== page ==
Three Roadblocks to Business Growth and Success
A few weeks ago, I wrote about Ted the employee and his “entitlement” attitude at work.
I pointed out that his owner was enabling Ted and all the other employees at the company
because the owner failed to share information that would improve the condition of the
One of the roadblocks for an underperforming company is that it lacks a scoreboard for the
whole team. Without this visual information, updated regularly, everyone except the owner
is in the dark.
The scoreboard states “here’s where we are and here’s where we need to be.” It takes
maybe five seconds to see where the gap is and to identify what needs to happen to close
I can’t imagine a player of any sport not being able to see what the scoreboard is, from any
place on the field or even from the stands.
Is your team playing to win? If so, let it know the score. Otherwise, it will just continue to
scrimmage, with the end result of nothing more than bragging rights.
A second roadblock is the owner’s preoccupation with fixed overhead when the real point of
focus should be on improving gross margin.
I worked for an owner who went around sniffing the air in certain departments, announcing
to all within the sound of his voice, “Smell the overhead around here.” It was not only vulgar
it was never the issue in his company.
What this guy failed to understand is that every penny improvement in gross margin,
whether through increased revenue, reduction of cash discounts or decreasing the cost of
goods sold, would fall right to the bottom line.
Maybe you can’t raise prices, and you can’t reduce cash discounts. But most companies can
reduce cost of goods sold if they put time and attention to it. Doing so requires a change of
I know that finding cheaper ways to deliver a product or a service isn’t the most appealing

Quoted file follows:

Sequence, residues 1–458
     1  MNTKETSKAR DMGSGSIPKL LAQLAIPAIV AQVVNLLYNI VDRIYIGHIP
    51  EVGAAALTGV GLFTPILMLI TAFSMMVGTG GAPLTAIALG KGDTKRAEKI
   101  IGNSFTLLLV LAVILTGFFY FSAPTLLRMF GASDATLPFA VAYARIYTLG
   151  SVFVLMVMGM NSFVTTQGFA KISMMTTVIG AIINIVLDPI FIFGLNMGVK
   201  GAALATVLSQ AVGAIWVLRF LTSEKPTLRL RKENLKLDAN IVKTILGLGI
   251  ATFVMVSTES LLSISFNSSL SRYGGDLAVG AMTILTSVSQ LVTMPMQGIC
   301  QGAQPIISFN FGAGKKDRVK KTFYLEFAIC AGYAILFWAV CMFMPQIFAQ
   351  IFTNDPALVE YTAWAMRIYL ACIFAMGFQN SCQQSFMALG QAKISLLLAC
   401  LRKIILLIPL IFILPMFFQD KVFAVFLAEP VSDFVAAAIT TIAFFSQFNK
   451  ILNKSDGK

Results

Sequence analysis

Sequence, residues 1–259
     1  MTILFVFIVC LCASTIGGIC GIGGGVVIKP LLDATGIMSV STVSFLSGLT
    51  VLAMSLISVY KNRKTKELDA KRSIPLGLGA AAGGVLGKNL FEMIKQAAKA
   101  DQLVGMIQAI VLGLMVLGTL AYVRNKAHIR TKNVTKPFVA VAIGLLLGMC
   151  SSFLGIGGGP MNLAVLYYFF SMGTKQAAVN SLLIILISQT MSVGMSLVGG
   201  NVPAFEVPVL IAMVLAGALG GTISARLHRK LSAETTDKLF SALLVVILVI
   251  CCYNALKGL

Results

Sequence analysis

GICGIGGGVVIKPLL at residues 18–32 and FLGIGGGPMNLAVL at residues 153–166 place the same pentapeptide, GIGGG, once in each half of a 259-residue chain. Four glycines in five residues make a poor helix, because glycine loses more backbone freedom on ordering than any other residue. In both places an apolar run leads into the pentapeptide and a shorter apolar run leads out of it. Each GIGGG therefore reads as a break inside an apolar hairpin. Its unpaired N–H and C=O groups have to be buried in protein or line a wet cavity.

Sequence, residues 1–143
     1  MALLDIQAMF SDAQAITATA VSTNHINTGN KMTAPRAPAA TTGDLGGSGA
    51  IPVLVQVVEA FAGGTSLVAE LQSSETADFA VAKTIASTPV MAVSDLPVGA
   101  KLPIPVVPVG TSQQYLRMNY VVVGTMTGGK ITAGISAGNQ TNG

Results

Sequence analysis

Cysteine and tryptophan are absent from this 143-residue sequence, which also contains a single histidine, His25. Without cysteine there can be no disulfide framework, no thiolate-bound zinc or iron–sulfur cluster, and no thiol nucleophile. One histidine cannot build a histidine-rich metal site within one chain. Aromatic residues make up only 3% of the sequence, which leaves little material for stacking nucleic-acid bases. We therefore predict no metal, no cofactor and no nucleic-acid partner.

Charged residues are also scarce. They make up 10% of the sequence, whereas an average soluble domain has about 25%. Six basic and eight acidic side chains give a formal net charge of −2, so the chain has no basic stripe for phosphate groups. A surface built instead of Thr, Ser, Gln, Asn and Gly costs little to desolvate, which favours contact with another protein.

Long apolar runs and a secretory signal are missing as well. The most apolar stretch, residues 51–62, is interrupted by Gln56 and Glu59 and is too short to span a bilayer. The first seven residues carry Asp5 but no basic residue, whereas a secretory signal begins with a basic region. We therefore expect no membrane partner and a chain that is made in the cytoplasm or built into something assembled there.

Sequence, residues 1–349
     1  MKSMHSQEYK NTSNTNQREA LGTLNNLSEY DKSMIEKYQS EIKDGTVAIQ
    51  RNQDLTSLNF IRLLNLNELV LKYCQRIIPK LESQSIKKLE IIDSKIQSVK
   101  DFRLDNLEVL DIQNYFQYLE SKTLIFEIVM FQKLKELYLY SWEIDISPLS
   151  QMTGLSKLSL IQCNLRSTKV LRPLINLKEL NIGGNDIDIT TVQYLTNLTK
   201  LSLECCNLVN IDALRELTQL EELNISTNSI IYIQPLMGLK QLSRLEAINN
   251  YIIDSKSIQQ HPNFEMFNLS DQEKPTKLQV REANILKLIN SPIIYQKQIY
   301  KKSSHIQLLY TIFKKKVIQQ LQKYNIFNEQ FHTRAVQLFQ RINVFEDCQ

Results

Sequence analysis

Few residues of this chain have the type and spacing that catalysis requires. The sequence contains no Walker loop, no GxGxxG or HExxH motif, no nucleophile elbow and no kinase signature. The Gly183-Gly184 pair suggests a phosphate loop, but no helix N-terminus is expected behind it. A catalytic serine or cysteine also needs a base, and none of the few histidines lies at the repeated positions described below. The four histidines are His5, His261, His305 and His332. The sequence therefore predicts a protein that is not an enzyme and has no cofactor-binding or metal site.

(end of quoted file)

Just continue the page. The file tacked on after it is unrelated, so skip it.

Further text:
thing to do for some owners — it doesn’t give them a rush like landing a new big client. It
isn’t sexy. But it is important. And It is probably easier to do, and it won’t take anywhere
near as long as the sales cycle of landing a new client.
When Bob Crandall was CEO of American Airlines, he was on a quest to improve margins.
By eliminating the three black olives that apparently few people were eating in the salads
served, it is alleged the company saved around $700,000 a year without anyone noticing.
People fly for transportation, not for the olives.
Have you looked at just about any bottle of water lately? The plastic is thinner, the label
is not as tall, and the cap is shorter. These small changes add up to millions of dollars in
savings, and no one notices. People buy a bottle of water for the water, not the packaging.
The third roadblock is the failure to inspect. The old adage of “inspect what you expect”
has gone out the window. Because of their isolation from clients, vendors, and most of all,
employees, owners are often surprised and then angry when they hear something went
wrong in their own company. How is this possible?
Owners make far too many assumptions about the people on the payroll. The first is that
people on the payroll care as much as they do. Second, that those same people understand,
have been trained and execute to high standards of quality service. Third that every
employee follows through.
Eliminating these three roadblocks may not be pretty but are necessary. The good news is
that you can get your employees involved in all of them and it won’t cost a dime. You can
make it interesting and educational. The end result will be a more engaged team, better
margins and improved alignment from top to bottom.